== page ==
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Greek violin soloist triumphs in Moscow April 17, 2007

Posted by grhomeboy in Music Life Classical.
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Bravo to Greek soloist Leonidas Kavakos and Russian maestro Valery Gergiev for their Easter Sunday concert

It was barely a few seconds after Leonidas Kavakos had put his violin down when the audience erupted in a standing ovation. The acclaimed Greek violinist performed in front of a 1,600-strong audience at the well-known Great Hall of the Moscow Conservatoire, at the premiere of the distinguished Moscow Easter Festival on Easter Sunday.

The Greek soloist interpreted Tchaikovsky’s Violin Concerto, accompanied by the Kirov Orchestra of the Mariinsky Theater and the ensemble’s artistic director, world-renowned maestro Valery Gergiev.

There was more than the audience’s applause: At the end of a difficult performance, Gergiev gave Kavakos a hug, while the rest of the orchestra cheered.

Among those present at the festival premiere were Moscow Mayor Yuri Luzkov who ascended the stage to give Kavakos a bouquet of flowers, a number of Ministers, representatives of Russia’s Patriarch Alexei as well as artists. Sadly, there was no official Greek representative.

Just a few minutes after the end of the concert, Kavakos was very moved when he talked to the media. “What else can I say? I am so happy to open this festival, next to this maestro, with this orchestra and in this concert hall which is sacred to a violinist because if you think about who has performed here, Richter, Shostakovich, you are filled with awe.”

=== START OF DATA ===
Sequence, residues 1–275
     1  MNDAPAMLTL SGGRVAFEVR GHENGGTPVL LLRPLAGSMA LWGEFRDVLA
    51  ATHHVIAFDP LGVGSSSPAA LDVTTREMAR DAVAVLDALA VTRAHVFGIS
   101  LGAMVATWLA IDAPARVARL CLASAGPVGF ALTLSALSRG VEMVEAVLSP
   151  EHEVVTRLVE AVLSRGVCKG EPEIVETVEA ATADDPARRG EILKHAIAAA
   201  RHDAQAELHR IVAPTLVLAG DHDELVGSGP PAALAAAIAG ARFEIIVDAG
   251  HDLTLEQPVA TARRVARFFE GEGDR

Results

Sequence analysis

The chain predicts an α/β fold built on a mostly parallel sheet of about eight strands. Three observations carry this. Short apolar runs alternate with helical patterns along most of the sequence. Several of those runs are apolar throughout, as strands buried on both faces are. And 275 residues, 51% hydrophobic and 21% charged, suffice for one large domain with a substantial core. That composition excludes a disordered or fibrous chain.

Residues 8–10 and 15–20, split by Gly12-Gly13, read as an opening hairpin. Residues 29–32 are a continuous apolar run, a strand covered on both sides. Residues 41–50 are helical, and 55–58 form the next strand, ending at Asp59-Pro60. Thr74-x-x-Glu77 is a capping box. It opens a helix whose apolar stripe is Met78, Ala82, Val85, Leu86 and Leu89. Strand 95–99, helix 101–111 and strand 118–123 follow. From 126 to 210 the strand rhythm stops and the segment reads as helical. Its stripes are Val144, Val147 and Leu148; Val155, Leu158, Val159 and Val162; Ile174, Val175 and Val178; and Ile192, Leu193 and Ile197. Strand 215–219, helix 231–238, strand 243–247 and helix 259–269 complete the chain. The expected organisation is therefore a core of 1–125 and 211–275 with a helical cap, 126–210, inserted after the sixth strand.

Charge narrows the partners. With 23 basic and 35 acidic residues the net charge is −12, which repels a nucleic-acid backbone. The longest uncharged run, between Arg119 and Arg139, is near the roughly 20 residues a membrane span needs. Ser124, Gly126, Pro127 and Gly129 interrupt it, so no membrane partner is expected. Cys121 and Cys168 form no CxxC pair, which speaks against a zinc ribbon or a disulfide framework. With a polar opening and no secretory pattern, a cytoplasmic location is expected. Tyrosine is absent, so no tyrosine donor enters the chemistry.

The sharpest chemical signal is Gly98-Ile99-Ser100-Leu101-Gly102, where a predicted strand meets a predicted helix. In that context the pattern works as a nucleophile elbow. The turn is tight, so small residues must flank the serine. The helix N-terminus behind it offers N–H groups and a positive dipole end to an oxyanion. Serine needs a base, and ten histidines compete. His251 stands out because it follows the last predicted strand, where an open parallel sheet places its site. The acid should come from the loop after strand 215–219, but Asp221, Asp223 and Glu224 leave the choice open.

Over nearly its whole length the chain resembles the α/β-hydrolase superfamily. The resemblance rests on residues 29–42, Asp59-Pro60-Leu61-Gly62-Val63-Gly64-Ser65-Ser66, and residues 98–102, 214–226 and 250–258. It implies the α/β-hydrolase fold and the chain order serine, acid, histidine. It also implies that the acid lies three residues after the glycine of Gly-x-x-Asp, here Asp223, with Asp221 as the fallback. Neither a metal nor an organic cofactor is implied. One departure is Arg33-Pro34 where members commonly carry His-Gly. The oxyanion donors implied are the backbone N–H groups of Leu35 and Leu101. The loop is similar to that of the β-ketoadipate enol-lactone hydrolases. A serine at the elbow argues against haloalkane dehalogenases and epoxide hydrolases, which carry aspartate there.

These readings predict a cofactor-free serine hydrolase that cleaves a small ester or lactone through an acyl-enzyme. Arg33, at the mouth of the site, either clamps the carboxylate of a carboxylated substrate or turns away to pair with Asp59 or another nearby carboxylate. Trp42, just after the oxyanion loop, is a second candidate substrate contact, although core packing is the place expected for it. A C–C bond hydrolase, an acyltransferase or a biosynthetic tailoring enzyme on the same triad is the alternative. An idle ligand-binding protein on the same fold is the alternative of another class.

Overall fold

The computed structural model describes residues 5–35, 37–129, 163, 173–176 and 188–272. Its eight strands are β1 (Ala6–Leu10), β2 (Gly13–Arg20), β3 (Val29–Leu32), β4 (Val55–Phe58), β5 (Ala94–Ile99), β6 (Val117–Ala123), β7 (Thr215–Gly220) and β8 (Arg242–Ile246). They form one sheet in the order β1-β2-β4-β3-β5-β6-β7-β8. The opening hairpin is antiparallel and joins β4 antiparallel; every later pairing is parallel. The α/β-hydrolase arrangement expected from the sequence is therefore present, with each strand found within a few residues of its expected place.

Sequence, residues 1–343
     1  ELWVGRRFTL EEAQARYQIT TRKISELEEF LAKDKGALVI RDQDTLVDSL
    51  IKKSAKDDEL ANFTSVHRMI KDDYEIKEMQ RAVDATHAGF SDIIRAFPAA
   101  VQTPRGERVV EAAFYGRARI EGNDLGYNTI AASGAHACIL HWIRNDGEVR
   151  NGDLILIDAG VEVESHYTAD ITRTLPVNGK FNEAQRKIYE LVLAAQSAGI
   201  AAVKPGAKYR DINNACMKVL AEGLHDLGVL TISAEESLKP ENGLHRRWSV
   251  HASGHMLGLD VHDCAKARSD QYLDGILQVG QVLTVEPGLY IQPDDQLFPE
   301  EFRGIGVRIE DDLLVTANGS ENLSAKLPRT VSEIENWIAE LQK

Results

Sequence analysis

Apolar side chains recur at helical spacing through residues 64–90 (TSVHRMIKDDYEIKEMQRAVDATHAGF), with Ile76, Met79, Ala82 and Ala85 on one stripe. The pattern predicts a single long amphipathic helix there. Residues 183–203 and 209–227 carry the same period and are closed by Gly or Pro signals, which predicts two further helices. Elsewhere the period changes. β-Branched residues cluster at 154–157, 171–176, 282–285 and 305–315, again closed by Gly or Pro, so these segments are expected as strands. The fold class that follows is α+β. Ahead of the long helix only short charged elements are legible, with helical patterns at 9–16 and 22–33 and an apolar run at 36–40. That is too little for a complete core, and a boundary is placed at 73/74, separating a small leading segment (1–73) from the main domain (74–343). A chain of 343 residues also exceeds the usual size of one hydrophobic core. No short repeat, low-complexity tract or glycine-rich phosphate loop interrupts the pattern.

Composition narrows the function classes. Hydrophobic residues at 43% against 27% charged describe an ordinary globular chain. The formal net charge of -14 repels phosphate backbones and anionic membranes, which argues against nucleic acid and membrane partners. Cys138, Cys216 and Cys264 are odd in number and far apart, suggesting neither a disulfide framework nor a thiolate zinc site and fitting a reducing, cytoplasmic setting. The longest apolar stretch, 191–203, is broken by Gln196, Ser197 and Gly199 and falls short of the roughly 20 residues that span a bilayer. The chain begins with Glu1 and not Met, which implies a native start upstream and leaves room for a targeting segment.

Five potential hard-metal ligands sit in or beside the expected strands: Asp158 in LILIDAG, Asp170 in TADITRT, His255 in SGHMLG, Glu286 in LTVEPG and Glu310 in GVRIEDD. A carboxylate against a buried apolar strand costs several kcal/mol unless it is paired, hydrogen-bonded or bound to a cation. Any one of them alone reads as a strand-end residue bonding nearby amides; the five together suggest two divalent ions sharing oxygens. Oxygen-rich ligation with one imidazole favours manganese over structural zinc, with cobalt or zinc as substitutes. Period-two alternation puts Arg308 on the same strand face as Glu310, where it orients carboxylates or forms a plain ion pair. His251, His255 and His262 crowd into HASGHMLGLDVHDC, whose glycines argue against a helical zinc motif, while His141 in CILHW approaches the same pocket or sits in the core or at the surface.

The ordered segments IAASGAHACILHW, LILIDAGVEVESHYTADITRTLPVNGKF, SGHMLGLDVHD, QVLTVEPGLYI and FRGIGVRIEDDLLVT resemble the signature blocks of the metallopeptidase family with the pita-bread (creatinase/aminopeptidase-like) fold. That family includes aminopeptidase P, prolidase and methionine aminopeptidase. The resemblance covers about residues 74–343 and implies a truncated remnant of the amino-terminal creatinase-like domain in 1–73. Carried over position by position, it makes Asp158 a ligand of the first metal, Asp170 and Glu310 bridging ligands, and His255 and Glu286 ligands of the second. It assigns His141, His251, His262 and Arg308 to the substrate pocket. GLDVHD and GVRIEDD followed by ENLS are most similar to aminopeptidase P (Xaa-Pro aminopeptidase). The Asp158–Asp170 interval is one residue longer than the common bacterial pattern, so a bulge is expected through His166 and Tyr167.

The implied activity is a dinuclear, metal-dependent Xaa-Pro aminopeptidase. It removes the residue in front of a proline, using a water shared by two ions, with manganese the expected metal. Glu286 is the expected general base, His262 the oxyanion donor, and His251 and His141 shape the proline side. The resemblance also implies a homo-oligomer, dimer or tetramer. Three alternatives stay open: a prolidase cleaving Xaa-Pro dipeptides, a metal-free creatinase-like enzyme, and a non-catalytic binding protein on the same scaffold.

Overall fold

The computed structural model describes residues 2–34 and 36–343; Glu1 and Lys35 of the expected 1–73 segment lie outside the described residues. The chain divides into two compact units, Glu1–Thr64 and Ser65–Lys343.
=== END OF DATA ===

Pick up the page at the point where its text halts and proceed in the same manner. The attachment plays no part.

On the subject of Tchaikovsky’s Violin Concerto, the Greek soloist noted that while he has interpreted the specific work a number of times, the Moscow experience was unique, thanks to the orchestra and its maestro.

“Gergiev is a musician in the true sense of the word,” he said. “He puts his talent to good use by searching for the political dimension of music. He has managed to get Russian politicians to act, as well as a number of people around the world who support his work through major productions.”


Attempt to purchase protected island of Dokos April 17, 2007

Posted by grhomeboy in Architecture Greece.
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A Cypriot business group is interested in building a tourist resort on the listed site, which has valuable archaeological findings

dokos_island.jpg  Dokos is situated between Ermioni on the mainland and to the west of the Saronic island of Hydra.

Unconfirmed allegations have surfaced to the effect that the small islet of Dokos, in the Saronic Gulf, accorded protected status because of the valuable archaeological findings there, is to be sold for a holiday resort, according to reports in Greece and Cyprus. Residents of the nearby island of Hydra are concerned, as are archaeologists who have been excavating in the area for years. Although the reports appear to be without foundation, they recall methods used in other similar cases, in which there was pressure to lift a site’s protected status for the purpose of profit.

Although the entire island has been declared a protected zone, from time to time proposals have been raised regarding its “development”, in the sense usually understood in Greece to mean unrestricted construction.